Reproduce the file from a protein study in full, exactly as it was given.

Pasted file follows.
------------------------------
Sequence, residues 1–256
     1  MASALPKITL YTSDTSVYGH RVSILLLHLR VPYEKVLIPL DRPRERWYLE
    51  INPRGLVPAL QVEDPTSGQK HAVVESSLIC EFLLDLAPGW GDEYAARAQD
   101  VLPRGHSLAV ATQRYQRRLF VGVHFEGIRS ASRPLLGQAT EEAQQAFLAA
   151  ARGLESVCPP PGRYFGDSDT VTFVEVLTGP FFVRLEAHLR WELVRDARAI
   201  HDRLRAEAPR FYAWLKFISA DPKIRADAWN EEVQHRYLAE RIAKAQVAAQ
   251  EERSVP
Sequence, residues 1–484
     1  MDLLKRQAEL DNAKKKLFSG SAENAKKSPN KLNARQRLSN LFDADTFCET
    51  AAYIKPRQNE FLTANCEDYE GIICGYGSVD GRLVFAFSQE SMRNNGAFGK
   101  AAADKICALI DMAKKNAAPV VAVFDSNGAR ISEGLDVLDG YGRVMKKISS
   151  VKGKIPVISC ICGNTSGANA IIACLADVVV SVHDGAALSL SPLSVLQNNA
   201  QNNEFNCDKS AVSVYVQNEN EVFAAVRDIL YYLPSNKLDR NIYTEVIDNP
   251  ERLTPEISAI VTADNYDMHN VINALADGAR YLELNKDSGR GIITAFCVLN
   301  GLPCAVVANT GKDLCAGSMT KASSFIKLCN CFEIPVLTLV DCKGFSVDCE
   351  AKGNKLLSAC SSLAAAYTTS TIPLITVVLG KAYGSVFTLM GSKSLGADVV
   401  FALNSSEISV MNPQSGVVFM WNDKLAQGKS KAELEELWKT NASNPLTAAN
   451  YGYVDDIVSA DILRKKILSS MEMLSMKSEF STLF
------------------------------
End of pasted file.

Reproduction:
Sequence, residues 1–256
     1  MASALPKITL YTSDTSVYGH RVSILLLHLR VPYEKVLIPL DRPRERWYLE
    51  INPRGLVPAL QVEDPTSGQK HAVVESSLIC EFLLDLAPGW GDEYAARAQD
   101  VLPRGHSLAV ATQRYQRRLF VGVHFEGIRS ASRPLLGQAT EEAQQAFLAA
   151  ARGLESVCPP PGRYFGDSDT VTFVEVLTGP FFVRLEAHLR WELVRDARAI
   201  HDRLRAEAPR FYAWLKFISA DPKIRADAWN EEVQHRYLAE RIAKAQVAAQ
   251  EERSVP
Sequence, residues 1–484
     1  MDLLKRQAEL DNAKKKLFSG SAENAKKSPN KLNARQRLSN LFDADTFCET
    51  AAYIKPRQNE FLTANCEDYE GIICGYGSVD GRLVFAFSQE SMRNNGAFGK
   101  AAADKICALI DMAKKNAAPV VAVFDSNGAR ISEGLDVLDG YGRVMKKISS
   151  VKGKIPVISC ICGNTSGANA IIACLADVVV SVHDGAALSL SPLSVLQNNA
   201  QNNEFNCDKS AVSVYVQNEN EVFAAVRDIL YYLPSNKLDR NIYTEVIDNP
   251  ERLTPEISAI VTADNYDMHN VINALADGAR YLELNKDSGR GIITAFCVLN
   301  GLPCAVVANT GKDLCAGSMT KASSFIKLCN CFEIPVLTLV DCKGFSVDCE
   351  AKGNKLLSAC SSLAAAYTTS TIPLITVVLG KAYGSVFTLM GSKSLGADVV
   401  FALNSSEISV MNPQSGVVFM WNDKLAQGKS KAELEELWKT NASNPLTAAN
   451  YGYVDDIVSA DILRKKILSS MEMLSMKSEF STLF